Former Idaho Construction Company Co-Owner Sentenced for Obstruction and Conspiracy
On March 19, 2014, in U.S. District Court, Boise, Idaho, Darrell Swigert, former co-owner of MarCon, Incorporated, a highway construction company that specialized in guardrail installation, was sentenced to three months in prison, two years of supervised release, ordered to pay a $5,000 fine and perform 100 hours of community service for his role in a U.S. Department of Transportation (DOT), Disadvantaged Business Enterprise (DBE) Program/U.S. Small Business Administration (SBA) 8(a) Program fraud scheme.
Swigert and his co-defendant, Elaine Martin, defrauded the DOT DBE program, which resulted in MarCon Incorporated being awarded more than $15 million in government contracts based on the company's fraudulently obtained DBE status, and more than $2.5 million in government contracts based on the company's fraudulently obtained SBA 8(a) status. Martin was sentenced in February 2014.
Swigert assisted Martin in submitting false and fraudulent applications to have her construction company, MarCon, admitted and/or remain in two different federally funded programs, the SBA 8(a) Program, and the Department of Transportation DBE Program. Both programs are designed to help economically and socially disadvantaged businesses compete in the marketplace. To be admitted into the programs, the owner/shareholder that qualifies as socially disadvantaged must also demonstrate economic disadvantage, in part by having a personal net worth below a certain statutory cap. Our investigation disclosed that Martin took steps to artificially lower her personal net worth, such as acquiring, holding and transferring assets into the names of nominees in order to appear to be economically disadvantaged. This allowed Martin's construction firm, MarCon, to qualify for the DBE and SBA 8(a) programs.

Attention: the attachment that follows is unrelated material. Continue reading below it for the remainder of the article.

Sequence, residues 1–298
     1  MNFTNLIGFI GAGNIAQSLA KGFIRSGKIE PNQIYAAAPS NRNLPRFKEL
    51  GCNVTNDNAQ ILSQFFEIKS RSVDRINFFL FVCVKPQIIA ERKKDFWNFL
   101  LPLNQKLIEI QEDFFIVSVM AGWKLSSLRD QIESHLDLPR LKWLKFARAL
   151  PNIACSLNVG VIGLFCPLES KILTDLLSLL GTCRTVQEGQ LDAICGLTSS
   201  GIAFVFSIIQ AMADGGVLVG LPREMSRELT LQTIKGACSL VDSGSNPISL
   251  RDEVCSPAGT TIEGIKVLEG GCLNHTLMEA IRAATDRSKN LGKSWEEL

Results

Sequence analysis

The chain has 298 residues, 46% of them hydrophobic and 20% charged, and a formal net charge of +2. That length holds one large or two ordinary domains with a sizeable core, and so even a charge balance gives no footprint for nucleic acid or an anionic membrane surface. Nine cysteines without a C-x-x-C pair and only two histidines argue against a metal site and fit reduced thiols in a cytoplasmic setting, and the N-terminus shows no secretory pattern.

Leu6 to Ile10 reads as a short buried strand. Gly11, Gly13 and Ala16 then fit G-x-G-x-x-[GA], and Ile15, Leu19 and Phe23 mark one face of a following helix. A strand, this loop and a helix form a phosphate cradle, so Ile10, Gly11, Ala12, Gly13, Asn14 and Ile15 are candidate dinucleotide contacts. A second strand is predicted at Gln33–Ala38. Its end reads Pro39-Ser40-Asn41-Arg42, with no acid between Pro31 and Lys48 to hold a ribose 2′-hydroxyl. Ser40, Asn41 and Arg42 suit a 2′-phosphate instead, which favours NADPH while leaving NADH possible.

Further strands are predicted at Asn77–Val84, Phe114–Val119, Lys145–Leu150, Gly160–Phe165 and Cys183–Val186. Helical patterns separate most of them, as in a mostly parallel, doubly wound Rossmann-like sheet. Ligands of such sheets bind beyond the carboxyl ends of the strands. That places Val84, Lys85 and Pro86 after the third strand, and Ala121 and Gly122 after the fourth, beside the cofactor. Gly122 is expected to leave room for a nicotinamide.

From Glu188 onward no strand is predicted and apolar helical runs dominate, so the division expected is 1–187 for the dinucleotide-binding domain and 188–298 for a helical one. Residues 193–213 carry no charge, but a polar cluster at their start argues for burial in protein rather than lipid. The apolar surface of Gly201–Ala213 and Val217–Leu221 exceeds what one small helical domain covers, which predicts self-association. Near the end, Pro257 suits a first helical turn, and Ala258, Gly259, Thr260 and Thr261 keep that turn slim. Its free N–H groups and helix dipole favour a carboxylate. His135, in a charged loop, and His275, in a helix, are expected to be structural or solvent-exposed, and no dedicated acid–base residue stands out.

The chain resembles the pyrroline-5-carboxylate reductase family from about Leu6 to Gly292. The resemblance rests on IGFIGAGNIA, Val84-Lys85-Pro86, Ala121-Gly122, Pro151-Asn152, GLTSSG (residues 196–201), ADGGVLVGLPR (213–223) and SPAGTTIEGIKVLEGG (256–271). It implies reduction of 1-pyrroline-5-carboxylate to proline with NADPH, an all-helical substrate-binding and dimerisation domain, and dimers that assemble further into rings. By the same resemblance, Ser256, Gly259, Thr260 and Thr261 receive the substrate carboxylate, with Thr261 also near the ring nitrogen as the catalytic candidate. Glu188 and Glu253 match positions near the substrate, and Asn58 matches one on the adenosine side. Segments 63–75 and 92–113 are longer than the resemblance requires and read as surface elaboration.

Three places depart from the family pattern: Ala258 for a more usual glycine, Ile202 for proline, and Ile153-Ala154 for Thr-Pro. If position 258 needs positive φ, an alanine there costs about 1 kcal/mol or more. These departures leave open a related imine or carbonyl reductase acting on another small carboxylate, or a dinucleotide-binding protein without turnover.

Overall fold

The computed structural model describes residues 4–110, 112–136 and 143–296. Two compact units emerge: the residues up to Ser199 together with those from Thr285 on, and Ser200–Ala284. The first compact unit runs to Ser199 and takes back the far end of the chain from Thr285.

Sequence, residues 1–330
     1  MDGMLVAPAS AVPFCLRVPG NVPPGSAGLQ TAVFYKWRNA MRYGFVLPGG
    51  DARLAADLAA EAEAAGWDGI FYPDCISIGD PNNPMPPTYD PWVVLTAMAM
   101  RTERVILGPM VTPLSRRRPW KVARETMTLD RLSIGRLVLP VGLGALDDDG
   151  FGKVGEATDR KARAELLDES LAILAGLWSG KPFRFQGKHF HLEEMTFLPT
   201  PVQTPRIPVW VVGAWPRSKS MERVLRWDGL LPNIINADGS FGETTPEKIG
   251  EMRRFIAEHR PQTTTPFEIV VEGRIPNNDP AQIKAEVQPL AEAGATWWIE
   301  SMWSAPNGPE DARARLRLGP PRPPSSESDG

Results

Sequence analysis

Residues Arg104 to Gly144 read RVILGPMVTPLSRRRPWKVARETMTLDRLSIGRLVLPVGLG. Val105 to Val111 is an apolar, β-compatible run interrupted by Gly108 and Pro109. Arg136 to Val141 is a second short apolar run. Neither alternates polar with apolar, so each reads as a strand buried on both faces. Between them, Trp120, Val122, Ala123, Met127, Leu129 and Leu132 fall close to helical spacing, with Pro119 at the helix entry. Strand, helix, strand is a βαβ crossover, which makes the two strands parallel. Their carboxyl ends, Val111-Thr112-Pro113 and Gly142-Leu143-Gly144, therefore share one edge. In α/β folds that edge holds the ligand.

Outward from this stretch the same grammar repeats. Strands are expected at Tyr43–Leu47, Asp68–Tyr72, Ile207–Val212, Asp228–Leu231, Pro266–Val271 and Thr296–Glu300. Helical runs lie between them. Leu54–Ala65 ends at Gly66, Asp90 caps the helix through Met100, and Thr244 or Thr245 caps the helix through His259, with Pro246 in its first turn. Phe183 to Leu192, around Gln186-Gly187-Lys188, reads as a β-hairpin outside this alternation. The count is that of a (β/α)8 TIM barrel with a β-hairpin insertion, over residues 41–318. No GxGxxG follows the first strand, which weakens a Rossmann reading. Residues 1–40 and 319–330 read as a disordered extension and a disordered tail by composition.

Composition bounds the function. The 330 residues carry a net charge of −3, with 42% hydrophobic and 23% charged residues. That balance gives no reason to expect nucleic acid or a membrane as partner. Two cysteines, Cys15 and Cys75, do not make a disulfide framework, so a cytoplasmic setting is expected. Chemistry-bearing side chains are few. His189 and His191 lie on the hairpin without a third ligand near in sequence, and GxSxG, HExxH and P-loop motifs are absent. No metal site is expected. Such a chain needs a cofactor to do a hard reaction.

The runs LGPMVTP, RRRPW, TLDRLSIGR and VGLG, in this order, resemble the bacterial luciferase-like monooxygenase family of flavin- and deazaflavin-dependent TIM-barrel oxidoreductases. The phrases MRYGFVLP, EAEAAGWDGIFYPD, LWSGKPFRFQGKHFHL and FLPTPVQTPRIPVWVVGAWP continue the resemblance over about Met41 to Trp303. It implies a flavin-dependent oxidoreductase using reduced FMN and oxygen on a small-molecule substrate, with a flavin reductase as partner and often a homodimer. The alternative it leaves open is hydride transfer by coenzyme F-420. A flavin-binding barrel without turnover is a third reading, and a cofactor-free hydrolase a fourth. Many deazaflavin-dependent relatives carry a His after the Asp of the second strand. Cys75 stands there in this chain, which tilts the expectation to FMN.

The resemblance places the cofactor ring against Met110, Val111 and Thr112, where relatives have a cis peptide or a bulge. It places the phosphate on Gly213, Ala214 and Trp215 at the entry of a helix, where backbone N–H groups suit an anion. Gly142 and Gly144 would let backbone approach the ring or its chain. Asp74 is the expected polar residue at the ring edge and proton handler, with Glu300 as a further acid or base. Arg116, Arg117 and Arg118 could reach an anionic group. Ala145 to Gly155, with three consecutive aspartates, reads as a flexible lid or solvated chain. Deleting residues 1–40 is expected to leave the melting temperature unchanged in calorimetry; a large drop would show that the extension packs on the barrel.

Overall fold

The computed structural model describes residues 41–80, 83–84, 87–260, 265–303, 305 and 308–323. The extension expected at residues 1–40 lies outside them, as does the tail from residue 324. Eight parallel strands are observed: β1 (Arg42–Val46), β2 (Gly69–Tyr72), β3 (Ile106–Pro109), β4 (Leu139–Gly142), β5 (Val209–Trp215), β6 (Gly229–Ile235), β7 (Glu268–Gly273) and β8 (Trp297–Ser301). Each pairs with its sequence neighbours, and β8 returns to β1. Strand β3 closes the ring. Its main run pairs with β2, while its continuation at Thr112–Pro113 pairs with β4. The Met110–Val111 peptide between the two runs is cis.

We conducted this investigation jointly with the SBA-OIG, IRS-CID, and the FBI.